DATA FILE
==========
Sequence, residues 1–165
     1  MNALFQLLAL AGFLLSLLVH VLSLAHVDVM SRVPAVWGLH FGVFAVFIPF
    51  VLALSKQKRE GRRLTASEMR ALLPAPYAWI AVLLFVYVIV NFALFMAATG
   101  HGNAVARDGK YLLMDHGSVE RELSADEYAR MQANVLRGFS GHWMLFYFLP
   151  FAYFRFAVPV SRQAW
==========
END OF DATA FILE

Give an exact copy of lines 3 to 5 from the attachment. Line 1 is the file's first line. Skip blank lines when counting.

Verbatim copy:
    51  VLALSKQKRE GRRLTASEMR ALLPAPYAWI AVLLFVYVIV NFALFMAATG
   101  HGNAVARDGK YLLMDHGSVE RELSADEYAR MQANVLRGFS GHWMLFYFLP
   151  FAYFRFAVPV SRQAW